This has nothing to do with supply and demand. If supply and demand remain the same over a given period, prices will increase when labor costs increase.

    There is a double whammy that adversely affects the very people receiving this arbitrary wage increase.

    The reason workers earn a minimum wage, whatever it happens to be, is because they are the least productive workers in a business. Typically, raises occur when workers demonstrate an increase in their value to their respective businesses. If worker A makes 10 widgets an hour, while worker B makes 12 widgets, worker B should earn proportionately more than worker A. If that’s not the case, worker B won’t bother being any more productive than worker A. That’s human nature.

    So now there’s an assigned minimum wage. Let’s say worker A receives a $1 per hour raise to the assigned minimum. Is it unreasonable to think worker B won’t expect (i.e., demand) a commensurate wage increase? If anyone doubts this, just wait for the next teacher union collective bargaining issue in your school district.

    Okay. So, worker A receives a $1 raise. Then worker B gets an extra $1.05, because he’s more productive than worker A. And then worker C gets an extra $1.10 because she’s that much more productive than worker B. And then worker D chimes in. And so it goes – all the way up the wage ladder. Hence, while worker A receives a $1 per hour raise because our legislators think they’re doing him a favor, in reality, the inflation that occurs as these wage increases ripple up the wage ladder, causes the cost of goods sold to increase exponentially, and the resulting inflation outpaces the increased minimum wage.

    Anyone who understands basic math can see that if a legislator really wanted to improve the standing of the minimum wage worker, they’d require an equal percentage cut in everyone’s pay. Instead of a 10% increase, require a 10% decrease. The higher wage earners would have a greater dollar for dollar decrease than the minimum wage worker. And that, everyone, is called wage and price controls. Good luck with that.

    The point is that ‘minimum wage’ strategies smack of pure socialism. From each according to his ability, to each according to his need. But what Marx and Engles never explained is: who determines one’s ability and need? And how do they do that?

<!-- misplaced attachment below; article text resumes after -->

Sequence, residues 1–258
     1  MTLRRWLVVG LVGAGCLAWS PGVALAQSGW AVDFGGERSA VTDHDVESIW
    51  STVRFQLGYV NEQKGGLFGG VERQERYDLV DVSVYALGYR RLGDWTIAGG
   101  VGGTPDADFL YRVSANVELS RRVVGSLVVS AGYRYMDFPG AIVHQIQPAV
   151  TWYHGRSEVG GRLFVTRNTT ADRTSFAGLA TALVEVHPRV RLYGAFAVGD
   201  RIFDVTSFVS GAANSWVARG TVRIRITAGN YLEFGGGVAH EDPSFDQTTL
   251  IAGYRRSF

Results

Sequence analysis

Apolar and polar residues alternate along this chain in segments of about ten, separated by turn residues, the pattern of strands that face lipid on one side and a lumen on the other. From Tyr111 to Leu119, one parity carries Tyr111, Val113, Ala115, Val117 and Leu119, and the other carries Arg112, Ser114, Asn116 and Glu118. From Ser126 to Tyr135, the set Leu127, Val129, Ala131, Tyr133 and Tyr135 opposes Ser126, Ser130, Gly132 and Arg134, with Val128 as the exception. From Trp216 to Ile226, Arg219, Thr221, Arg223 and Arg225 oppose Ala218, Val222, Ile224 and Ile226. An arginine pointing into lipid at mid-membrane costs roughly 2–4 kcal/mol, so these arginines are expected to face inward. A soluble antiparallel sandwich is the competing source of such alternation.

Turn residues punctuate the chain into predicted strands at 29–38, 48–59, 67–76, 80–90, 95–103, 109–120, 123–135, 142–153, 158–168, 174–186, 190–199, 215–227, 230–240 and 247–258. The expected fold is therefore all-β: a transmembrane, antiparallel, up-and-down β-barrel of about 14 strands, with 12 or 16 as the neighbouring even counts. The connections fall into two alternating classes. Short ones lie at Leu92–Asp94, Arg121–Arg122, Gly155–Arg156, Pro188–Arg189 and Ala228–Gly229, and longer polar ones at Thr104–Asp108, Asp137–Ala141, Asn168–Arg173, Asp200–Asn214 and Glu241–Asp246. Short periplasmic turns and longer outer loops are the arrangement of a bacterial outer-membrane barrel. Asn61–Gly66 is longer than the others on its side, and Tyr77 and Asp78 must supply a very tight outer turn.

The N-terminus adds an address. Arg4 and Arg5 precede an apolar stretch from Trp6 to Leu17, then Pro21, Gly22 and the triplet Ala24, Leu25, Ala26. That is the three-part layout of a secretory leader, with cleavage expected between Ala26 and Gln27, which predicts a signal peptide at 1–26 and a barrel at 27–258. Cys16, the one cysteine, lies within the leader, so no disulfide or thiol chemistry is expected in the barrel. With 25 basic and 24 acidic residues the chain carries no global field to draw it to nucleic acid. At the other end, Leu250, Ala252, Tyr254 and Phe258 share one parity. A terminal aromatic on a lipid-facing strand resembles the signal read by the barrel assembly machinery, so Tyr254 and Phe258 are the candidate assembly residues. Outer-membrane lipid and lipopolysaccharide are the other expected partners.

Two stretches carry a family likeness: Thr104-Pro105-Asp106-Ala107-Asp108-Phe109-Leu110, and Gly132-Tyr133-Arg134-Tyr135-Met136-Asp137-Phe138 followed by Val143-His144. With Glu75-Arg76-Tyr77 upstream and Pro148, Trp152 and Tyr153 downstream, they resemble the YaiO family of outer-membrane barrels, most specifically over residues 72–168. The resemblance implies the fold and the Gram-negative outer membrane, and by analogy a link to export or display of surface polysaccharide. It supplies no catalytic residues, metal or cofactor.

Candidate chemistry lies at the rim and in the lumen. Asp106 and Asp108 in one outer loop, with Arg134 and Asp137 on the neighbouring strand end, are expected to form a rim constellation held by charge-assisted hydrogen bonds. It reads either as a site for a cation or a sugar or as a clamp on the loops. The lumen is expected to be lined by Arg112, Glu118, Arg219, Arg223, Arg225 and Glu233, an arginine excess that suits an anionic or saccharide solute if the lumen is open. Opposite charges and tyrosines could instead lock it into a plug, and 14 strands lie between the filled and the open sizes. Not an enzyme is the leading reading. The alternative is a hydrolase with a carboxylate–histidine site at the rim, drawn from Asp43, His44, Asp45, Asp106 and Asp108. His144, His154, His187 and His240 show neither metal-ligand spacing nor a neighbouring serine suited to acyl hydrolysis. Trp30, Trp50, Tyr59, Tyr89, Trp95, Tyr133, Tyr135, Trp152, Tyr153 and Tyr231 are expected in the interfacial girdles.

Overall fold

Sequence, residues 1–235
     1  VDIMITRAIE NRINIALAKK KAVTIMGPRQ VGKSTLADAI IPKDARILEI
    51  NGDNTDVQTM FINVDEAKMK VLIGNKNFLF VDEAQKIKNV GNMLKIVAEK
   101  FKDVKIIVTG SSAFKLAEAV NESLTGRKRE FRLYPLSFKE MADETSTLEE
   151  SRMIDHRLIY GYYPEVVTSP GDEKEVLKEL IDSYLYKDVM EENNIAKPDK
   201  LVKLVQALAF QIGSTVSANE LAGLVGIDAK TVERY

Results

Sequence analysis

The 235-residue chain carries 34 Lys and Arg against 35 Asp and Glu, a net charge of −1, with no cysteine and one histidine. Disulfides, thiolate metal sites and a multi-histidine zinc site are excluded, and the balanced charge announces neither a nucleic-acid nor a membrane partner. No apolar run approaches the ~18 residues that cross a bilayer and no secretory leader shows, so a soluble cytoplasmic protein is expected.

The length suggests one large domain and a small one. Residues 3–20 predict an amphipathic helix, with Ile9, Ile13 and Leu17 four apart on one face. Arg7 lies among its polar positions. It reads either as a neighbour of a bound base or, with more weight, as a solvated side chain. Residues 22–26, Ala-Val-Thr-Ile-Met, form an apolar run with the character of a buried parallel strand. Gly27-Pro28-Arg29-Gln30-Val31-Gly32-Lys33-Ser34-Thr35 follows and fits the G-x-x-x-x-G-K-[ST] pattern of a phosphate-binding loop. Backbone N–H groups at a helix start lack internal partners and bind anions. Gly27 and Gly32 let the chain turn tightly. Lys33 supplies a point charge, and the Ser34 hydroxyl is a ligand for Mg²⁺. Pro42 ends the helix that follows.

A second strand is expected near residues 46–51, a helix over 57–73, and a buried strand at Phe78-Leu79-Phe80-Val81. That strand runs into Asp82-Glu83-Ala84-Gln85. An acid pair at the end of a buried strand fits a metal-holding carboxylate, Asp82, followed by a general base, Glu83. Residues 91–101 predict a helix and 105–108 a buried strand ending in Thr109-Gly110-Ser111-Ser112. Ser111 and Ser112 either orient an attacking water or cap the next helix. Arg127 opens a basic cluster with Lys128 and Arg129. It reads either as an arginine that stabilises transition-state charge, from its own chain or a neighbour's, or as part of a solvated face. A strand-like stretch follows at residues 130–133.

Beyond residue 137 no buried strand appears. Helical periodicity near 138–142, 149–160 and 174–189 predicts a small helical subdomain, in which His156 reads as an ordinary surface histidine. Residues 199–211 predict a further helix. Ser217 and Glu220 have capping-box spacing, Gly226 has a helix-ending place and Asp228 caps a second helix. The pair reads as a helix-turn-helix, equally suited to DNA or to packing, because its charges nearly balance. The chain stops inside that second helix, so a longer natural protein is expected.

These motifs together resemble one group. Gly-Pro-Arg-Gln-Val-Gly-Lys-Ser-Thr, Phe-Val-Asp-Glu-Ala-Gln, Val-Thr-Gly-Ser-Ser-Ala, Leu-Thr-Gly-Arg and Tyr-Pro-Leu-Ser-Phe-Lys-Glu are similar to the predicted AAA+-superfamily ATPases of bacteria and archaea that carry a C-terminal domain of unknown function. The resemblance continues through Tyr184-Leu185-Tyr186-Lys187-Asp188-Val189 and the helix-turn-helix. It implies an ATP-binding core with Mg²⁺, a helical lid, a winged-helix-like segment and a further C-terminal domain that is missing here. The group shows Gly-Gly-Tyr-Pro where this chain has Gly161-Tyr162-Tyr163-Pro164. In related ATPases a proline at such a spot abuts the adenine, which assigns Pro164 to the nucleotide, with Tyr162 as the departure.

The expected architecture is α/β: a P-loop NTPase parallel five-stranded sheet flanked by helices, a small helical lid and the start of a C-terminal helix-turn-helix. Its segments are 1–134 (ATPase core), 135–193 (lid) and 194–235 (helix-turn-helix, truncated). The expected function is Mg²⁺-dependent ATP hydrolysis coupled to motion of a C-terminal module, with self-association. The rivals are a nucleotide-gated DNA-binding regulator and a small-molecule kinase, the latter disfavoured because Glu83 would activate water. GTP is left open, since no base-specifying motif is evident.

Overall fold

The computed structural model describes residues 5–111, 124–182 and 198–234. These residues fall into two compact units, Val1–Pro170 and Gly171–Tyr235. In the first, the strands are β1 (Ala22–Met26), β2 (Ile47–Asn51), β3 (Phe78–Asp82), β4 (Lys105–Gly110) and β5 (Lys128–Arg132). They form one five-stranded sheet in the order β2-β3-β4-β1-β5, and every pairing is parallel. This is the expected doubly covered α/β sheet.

Adam Smith and others came up with the most elegant method to achieve this relationship. It’s called free enterprise. Free markets are proven to handle these economic complexities far better than centralized assignments. Milton Friedman said it best.

    “The key insight of Adam Smith’s Wealth of Nations is misleadingly simple: if an exchange between two parties is voluntary, it will not take place unless both believe they will benefit from it. Most economic fallacies derive from the neglect of this simple insight, from the tendency to assume that there is a fixed pie, that one party can gain only at the expense of another.”

    And…

    “The great virtue of a free market system is that it does not care what color people are; it does not care what their religion is; it only cares whether they can produce something you want to buy. It is the most effective system we have discovered to enable people who hate one another to deal with one another and help one another.”

    The minimum wage, whatever it is, is a contradiction of terms.

    • Hi Jay,

      I think that people either believe in the free market or they don’t.
      NH has a pretty low minimum wage by law here- we let the market determine what the wages are.
      It seems to me that leaving businesses alone to find their own way without government interference is the best policy- and the cheapest policy for the taxpayers.

      This is not all that hard really. If you don’t pay people enough, you won’t have a business because people will all go work for somewhere that pays better.
      It’s really that simple.

      This is the same old story: people look to the government for answers-like good socialists do- and the government is quite happy to open a new department, spend millions on studies, raise taxes and then muck it all up for us.
      Why on earth at this point in time does anyone want the government involved in *anything* at all anymore?
      The government loses credibility by the day as far as I’m concerned.
      Each Twitter Drop from Elon should be showing people this.

      • ‘Whatever one ‘believes’, arbitrarily raising a minimum wage hurts the very people its supposed to help.

        So why do those who support government intervention in this regard push the minimum wage? Because they skim off the top of the increased tax revenues for their own benefit. They are scammers and con artists… nothing more.